Introduction to Wheelwrighting
This one-week wheelwright course teaches the basics of repairing and
rebuilding wooden wheels. The class is taught by two wheelwrights, Roy
Musgrove of Saskatoon, and Doran Degenstein of Lethbridge, Alberta.
It has attracted participants from across Canada, including other museum employees and horse-owners interested in restoring heritage horse-drawn equipment.
October 14-21, 2016.
For more information,
contact 306-934-1400 or email us.
Refurbish your Wooden Buggy and Wagon Wheels at the Western Development Museum
If you’re a wagon trekker or pleasure driver with wooden wheels in need of
repair, the WDM Curatorial Centre in Saskatoon, Saskatchewan, Canada is the
place for you.
One week every year, the WDM offers the training course An Introduction to Wheelwrighting. For seven days, participants break down old wheels and assemble new ones. Spokes and felloes are not made at the course. Participants buy their own ready-made parts. Careful measurements and consultation with suppliers ensure that parts are a perfect fit.
Two instructors, Roy Musgrove of Saskatoon and Doran Degenstein of Lethbridge, Alberta teach the skills needed for buggy and wagon wheel repair. Both men have hundreds of wheels to their credit.
Out With the Old, In With the New
Old wheels are taken apart and the hubs examined for soundness. With the hub on a wheelstand, set up in an indoor heated museum shop, participants are ready to begin.
First you take apart the old wheel.
All it takes is a little muscle.
Check the hub for soundness
First thing is to install new spokes. Spokes take the pressure of the wheel, so are made of good straight-grained wood. Participants use a spoke pointer and a hollow auger to shape the tenons of each spoke.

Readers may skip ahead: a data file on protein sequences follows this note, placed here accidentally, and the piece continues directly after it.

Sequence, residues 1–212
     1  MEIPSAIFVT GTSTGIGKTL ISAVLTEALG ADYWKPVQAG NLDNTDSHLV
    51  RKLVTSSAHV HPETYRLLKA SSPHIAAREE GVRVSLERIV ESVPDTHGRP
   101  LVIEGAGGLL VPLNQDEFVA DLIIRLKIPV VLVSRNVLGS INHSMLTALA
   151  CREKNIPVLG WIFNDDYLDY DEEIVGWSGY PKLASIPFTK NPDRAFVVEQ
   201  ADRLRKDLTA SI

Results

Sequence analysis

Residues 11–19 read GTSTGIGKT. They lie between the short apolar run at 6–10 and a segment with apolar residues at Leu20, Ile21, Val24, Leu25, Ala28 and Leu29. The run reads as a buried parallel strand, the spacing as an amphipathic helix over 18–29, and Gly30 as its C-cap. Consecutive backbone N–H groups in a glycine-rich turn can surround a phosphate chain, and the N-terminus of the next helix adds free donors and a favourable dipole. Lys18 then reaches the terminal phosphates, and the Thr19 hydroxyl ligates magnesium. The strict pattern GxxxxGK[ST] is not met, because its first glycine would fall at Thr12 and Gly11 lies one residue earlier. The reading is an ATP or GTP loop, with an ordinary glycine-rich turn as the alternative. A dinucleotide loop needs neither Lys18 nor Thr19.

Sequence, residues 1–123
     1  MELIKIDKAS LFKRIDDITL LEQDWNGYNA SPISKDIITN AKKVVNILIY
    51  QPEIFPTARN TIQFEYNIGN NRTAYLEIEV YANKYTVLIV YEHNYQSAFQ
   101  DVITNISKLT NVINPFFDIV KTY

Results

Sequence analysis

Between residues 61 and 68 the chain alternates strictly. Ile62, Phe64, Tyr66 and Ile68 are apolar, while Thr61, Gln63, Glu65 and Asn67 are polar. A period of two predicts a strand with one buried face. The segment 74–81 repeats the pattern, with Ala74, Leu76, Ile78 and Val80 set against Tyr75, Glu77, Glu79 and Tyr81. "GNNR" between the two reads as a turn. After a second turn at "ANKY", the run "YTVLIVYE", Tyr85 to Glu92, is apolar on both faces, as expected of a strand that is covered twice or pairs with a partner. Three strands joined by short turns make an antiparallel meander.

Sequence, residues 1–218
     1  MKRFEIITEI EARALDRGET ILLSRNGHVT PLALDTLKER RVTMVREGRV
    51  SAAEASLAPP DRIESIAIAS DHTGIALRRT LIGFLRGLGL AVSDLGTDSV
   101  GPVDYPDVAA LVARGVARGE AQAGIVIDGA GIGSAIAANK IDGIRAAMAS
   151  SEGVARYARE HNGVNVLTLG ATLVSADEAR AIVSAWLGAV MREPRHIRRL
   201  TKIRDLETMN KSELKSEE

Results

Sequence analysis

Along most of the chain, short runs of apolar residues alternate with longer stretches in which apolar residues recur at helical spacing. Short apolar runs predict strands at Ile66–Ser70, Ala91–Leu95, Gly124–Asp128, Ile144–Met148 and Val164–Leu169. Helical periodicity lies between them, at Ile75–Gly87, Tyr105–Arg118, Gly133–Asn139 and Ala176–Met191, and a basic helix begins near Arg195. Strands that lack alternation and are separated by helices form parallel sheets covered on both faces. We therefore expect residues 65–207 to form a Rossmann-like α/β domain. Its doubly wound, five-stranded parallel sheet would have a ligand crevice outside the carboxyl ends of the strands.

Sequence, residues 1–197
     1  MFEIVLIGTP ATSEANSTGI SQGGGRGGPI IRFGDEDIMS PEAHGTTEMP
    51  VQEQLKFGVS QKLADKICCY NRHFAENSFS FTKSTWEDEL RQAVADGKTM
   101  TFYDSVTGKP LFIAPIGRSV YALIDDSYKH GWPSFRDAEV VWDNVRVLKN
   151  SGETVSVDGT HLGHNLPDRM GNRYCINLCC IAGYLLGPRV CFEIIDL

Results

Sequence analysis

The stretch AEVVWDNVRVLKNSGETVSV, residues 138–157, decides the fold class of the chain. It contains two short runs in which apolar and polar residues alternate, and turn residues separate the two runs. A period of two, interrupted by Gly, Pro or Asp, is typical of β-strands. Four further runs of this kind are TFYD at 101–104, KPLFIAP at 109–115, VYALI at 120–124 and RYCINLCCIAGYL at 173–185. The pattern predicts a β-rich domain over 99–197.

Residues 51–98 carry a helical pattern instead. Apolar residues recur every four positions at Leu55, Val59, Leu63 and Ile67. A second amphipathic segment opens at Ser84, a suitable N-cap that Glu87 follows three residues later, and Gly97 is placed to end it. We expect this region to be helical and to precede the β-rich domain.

Install new spokes.
Measure, cut, and point the spokes with a pointer.
Cut the tenons.
Two new felloes make up a new rim. Spoke positions are accurately marked, holes drilled and spokes inserted into the felloe with the help of a spoke dog.
A low carbon common steel is used for the tire on wooden wheels. Measure
twice and cut once. A rolling machine shapes the tire into a hoop-shape and
the tire is welded. Then the tire is heated. Hot metal expands and slips
easily over the wooden wheel. Plunged into water, the metal shrinks, holding
the wheel tight in the process.
Modern Tools do Old Tasks
Electric tools are used at the Western Development Museum. For instance, a traditional spoke pointer is attached to a modern electric drill. For serious students, wheelwright tools are imported by the WDM for sale to participants.
Wheels Rebuilt, Friendships Forged
Graduates of the WDM Wheelwrighting course make life-long friends with
mutual interests. They keep connected through The Traveller, the magazine of
the Western Canadian Wheelwright Association, www.wcwa.ca and by returning
to retake the course. Most classes contain at least one former graduate,
returning for the camaraderie that the class offers.